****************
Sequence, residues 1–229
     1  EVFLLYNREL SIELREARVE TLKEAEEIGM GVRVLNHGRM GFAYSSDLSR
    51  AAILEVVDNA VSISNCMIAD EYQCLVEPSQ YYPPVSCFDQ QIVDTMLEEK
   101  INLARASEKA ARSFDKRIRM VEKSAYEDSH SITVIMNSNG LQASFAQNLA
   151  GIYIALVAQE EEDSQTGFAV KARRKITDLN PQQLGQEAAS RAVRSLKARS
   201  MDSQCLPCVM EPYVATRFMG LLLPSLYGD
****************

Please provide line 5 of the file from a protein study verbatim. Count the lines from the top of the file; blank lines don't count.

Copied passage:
   151  GIYIALVAQE EEDSQTGFAV KARRKITDLN PQQLGQEAAS RAVRSLKARS